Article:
The French, despite their reputation as airy-fairy romantics, have shown themselves to be hard-headed realists by building sufficient nuclear capacity to provide 80 per cent of the country’s energy needs.

Even in Germany, where Green harpies have bullied the government into embarking on a complete nuclear closure scheme, new coal-fired stations are being built at a steady rate – in comparison to Britain, where coal-burning capacity has all but ended, thanks largely to a fixation with carbon-capture targets which many other countries simply ignore.

Torness has sufficient capacity to power half the homes in Scotland and provides 500 mainly-skilled (and some very highly-skilled) jobs in East Lothian. So news of its extended life should be welcomed both nationally and locally.

But what would be even more welcome is a decision to plan, design and build a “Torness B” to ensure the lights keep blazing long after 2030.

And though a ‘Scot-Buzzer’ strongly committed to the ethos of private enterprise, I believe that if re-nationalisation is the only way ahead for a nuclear power revival in the UK, then so be it.



Last September the Daily Mail informed readers that men’s hats were about to make a comeback.

This form of headgear was common for about two-thirds of the 20th century and seemed to make a sudden disappearance somewhere around the mid-1960’s – perhaps it can be pinpointed to 1964,with the defeat of the Conservatives under Sir Alec-Douglas Home, last of the “old Tory” prime ministers, and therefore the passing of an age.

Anyway, autumn has come and gone and we are now three-quarters of the way through winter yet I can see no evidence of the Mail’s prediction, at least not in urban Scotland.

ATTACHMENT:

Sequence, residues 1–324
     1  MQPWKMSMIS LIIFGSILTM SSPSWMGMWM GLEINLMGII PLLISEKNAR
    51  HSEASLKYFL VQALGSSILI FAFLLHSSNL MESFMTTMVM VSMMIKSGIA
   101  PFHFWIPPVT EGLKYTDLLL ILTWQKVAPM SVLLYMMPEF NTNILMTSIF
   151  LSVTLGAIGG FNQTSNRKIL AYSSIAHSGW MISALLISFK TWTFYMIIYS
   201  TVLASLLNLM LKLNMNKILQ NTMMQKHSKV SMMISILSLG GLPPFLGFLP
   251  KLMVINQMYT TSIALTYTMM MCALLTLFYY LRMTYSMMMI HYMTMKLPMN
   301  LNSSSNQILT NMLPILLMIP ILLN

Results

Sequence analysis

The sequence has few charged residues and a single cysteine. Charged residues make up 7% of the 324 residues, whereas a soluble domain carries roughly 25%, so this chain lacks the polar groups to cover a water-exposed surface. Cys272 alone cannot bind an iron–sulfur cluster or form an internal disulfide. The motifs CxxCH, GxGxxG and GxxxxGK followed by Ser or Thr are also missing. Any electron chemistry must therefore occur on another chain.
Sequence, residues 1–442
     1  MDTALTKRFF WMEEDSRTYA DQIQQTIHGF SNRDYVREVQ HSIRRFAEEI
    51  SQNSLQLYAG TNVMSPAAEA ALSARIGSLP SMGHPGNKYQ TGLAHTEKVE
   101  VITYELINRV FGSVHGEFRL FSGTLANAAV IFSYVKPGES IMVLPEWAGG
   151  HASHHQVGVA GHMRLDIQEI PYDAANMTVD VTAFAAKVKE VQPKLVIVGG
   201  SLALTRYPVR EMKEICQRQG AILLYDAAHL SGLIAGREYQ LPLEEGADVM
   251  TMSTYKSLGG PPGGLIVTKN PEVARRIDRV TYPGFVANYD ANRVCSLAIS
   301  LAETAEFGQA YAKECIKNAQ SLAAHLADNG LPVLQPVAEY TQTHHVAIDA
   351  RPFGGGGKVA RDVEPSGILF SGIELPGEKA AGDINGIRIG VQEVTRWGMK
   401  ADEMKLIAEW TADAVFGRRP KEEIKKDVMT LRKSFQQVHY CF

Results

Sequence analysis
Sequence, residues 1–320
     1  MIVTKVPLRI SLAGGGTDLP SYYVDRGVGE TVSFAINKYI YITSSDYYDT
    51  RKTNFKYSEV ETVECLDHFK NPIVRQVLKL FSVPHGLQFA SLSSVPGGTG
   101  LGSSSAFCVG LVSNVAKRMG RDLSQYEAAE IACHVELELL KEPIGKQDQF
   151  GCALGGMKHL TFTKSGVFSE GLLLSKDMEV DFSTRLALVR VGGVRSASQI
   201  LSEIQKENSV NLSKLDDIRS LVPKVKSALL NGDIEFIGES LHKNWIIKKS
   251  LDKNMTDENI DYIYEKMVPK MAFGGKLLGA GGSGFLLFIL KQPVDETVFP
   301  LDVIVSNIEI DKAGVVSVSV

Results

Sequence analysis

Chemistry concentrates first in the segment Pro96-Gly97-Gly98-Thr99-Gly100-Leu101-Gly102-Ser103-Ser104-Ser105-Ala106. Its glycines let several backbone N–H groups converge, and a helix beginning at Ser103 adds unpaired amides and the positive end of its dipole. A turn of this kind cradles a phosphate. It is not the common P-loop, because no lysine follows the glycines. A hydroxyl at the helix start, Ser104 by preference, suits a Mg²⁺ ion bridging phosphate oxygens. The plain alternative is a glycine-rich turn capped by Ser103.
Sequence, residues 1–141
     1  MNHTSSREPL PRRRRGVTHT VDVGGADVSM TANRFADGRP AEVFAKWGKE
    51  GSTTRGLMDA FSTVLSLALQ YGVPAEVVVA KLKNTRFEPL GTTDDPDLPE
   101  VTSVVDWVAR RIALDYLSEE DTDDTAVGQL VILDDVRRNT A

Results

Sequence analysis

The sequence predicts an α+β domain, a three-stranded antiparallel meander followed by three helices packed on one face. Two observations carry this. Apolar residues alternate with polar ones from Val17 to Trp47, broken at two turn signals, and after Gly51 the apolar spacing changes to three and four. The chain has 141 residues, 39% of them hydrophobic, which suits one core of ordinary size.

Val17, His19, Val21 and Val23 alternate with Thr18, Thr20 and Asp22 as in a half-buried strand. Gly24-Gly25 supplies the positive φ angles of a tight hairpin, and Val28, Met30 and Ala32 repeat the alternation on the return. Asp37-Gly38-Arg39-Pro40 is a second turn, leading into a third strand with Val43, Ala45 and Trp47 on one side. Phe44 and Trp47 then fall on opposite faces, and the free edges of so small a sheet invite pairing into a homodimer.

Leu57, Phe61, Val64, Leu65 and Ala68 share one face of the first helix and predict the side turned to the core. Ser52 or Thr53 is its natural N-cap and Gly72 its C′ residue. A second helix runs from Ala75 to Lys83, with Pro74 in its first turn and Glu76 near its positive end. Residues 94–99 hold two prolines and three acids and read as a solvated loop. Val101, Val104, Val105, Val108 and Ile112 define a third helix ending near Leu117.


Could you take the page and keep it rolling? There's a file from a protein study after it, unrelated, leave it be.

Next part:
True, the Mail story had first appeared in Country Life so perhaps there has been a revival in hats in Highland Perthshire or the rolling countryside of East Lothian but I doubt it. I frequently witness rural toffs emerging from their 4 x 4’s on Edinburgh’s George Street. They are easily recognisable by their green quilted body-warmers, rustic corduroy trousers, plus fours and brogues yet very rarely do you see one wearing a hat.

Which is disappointing to this regular hat-wearer. Not only does a fedora finish off an overcoat and business suit, it is practical too, keeping the head dry when it rains and warm when cold.

That the ‘titfer’ (from rhyming slang, tit for tat - hat) is a minority garment nowadays is evidenced by the comments mine invariably attract. While most are complimentary even some of these have a sting in the tail. Such as: “Like the hat, Ken – I wish I had the courage to wear one.”

Ironically, while fedoras have decreased in popularity, the same cannot be said of other forms of male headgear. For example, no one bats an eyelid at baseball caps, continental-style bonnets, ‘Comrade Lenin’ caps, Cossack hats, beanies and ski hats. Also perfectly acceptable are those multi-patterned, multi-coloured, woolly llama hats, with two strings and pompoms – so similar to the knitted bonnets mothers used to place on the heads of toddlers on cold winter days in the 1950’s and 60’s.

It’s all very strange. Almost as strange, in fact, as that other growing fashion phenomenon: young men who like to show off by going about town in the middle of winter in shorts (and, on occasion, flip flops).

But don’t get me started on that one.

Twitter: @PropPRMan